Tracing back through your family history isn’t straightforward, because each successive person manifests the dysfunction differently. You may have problems with eating healthily and not see that it’s your parent’s alcoholism in another guise. The breakthrough comes when you realize, for example, that your eating problem is related to your father’s drug problem, which is related to your son’s gambling problem and your daughter’s sex problem.

If you look for the exact same problem in your family history, you’ll likely miss the secret thread. It takes initiative to root out that muted strand, because the most critical issues in a family are often the most closely held secrets.

Sometimes the only way to break this secret code is to talk to your relatives – especially those who are estranged or who moved a far distance away. You may find that they’ve done so to enhance their own mental health.

You’ll find many instances of this in WAKING UP HAPPY. All through my story – throughout my life – I continually unearthed new secrets about my family. And when I interviewed people for the book, I always asked them about their family histories of addictive and dysfunctional behaviors. Often they said there were no such problems in the family. But when I urged them to ask their relatives, they, too, were amazed at the secrets they uncovered.

And the secrets are still coming! Since the book’s publication, readers tell me that they’re  opening up and admitting to things they thought they would never have the courage to share. Seeing how others have dug into their histories, and how beneficial it’s been to them, has helped many other people do the same thing.  It’s an enormously important part of finding your true self, which is what allows you to live your most joyous life.

Q: The first sentence in your memoir is:  Quitting was easy. That sounds counter-intuitive. What do you mean by that?

 Yes, it is counter-intuitive. But it’s true, because alcohol and drugs aren’t the real problem for any addict. So giving them up is only the first step of the journey.

To quote from the Conclusion of WAKING UP HAPPY, “It wasn’t about the drugs. There was always something missing at the core. What was missing was love. We had to learn to love ourselves, the people and environment around us, and finally the larger world.”

It’s not an easy thing to do. It can be a difficult journey, but it’s also an exhilarating adventure. That’s what these stories teach us.

Q: You end WAKING UP HAPPY with “365 Steps on the Journey.” What gave you the idea for it?

 When people finish reading WAKING UP HAPPY, I don’t want them to close the book and forget it. I want them to pick it up every day and do one tiny thing that will change their world.

That’s why I wanted to give everyone who reads WAKING UP HAPPY a year’s worth of exercises, one thing to do every day of the year to make change happen.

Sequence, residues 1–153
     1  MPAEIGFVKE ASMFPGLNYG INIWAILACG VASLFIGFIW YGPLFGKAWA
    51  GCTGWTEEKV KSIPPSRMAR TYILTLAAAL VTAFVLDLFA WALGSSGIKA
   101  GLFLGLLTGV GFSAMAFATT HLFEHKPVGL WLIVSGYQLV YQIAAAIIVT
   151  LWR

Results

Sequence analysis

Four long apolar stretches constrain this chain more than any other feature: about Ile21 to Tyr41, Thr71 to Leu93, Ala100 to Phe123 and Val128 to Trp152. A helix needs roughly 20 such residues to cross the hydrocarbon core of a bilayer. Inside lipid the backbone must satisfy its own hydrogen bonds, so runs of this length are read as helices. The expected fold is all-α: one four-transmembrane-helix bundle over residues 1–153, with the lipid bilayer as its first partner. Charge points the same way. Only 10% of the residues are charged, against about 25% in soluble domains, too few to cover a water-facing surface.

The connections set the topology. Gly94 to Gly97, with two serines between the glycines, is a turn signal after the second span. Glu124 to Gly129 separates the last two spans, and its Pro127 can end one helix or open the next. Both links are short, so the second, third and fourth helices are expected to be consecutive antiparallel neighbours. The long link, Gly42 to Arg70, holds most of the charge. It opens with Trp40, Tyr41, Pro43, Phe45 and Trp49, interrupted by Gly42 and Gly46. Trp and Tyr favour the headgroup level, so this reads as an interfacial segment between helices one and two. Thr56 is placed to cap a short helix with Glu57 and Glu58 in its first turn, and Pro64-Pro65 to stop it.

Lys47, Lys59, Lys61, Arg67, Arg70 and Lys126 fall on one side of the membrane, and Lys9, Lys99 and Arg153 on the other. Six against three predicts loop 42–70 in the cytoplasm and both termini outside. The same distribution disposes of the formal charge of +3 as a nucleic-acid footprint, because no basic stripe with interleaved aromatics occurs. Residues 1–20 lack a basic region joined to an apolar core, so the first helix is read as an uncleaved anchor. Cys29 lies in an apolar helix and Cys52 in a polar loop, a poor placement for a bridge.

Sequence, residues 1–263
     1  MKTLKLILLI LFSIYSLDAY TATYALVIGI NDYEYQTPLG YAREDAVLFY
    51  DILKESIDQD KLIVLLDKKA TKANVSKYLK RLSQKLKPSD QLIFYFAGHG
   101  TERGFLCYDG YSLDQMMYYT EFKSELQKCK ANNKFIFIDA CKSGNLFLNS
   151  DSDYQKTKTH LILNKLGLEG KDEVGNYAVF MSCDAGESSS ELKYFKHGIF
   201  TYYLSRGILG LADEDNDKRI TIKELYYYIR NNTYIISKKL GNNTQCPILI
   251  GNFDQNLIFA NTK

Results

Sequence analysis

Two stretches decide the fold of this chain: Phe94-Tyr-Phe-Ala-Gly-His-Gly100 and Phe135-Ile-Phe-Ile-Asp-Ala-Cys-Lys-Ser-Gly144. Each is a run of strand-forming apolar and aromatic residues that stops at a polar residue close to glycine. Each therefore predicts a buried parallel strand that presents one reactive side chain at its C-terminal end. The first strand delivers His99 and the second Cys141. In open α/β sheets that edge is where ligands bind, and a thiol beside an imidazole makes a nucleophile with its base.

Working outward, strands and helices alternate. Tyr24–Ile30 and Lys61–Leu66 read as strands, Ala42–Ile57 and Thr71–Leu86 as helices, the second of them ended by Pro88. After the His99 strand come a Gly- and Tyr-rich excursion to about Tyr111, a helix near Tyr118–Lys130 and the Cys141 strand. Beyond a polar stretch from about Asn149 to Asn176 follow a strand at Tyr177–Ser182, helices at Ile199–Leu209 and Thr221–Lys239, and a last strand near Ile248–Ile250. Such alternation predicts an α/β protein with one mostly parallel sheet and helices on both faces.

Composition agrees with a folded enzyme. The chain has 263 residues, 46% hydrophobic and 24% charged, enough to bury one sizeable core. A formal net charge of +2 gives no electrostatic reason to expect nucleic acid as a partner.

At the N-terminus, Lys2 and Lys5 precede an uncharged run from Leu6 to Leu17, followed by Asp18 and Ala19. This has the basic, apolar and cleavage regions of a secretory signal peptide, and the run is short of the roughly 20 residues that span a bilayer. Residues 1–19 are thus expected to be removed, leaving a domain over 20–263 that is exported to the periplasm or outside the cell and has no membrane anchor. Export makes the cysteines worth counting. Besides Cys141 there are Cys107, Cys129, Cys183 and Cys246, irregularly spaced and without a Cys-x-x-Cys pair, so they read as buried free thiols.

Since every person will find different exercises especially helpful, I set out a buffet of options. I think almost anyone will find some activities that resonate with them. It’s not a matter of doing all the exercises but of focusing on those you find most interesting and helpful and continuing to do at least one of them each day. That’s the way to move forward.

Q: Can you tell us more about your background?

I’ve been a freelance writer and editor for more than 40 years. Nearly 30 years ago, I founded a magazine called NONPROFIT WORLD, which focuses on management and leadership tips for people working in nonprofit organizations all over the world. I’ve been the editor of NONPROFIT WORLD ever since, and it’s a true labor of love.

I’ve studied at the University of Colorado and the University of Michigan, and have a BA degree, specializing in English literature, creative writing, and psychology, from the University of Washington. I have lived all over the country and now live in Madison, Wisconsin.

In my spare time, I enjoy volunteering, especially teaching yoga. And I love sampling the ethnic food in Madison’s wonderful restaurants. For many years, in several cities, including Seattle and Madison, I have written restaurant reviews.

Q: What would be your advice to someone who wants to make a big change in their life?

The secret is this: Start small.

First write down your goals; articulate the new life you want.

Then write down all the steps you can think of that will move you toward those goals. Break each of those steps down to its smallest ingredient. Move up those steps incrementally, starting with the ones you’re most likely to succeed at doing. Based on that first small success, you’ll find the energy to tackle more major ones. That flush of success will continue to drive you forward.

No matter how minuscule a step may seem, the point is to learn that feeling of accomplishment, satisfaction, self-worth, and success. It will feel so good that, soon, you won’t let anyone or anything stand in the way of your dreams.


Q: If people want to buy WAKING UP HAPPY, where should they go? How will they find it?

 The best way is to go to our Website, Or you can find it on Our Website – – is also a place where readers can discuss their reactions to the book and share their own stories. I look forward to seeing you there!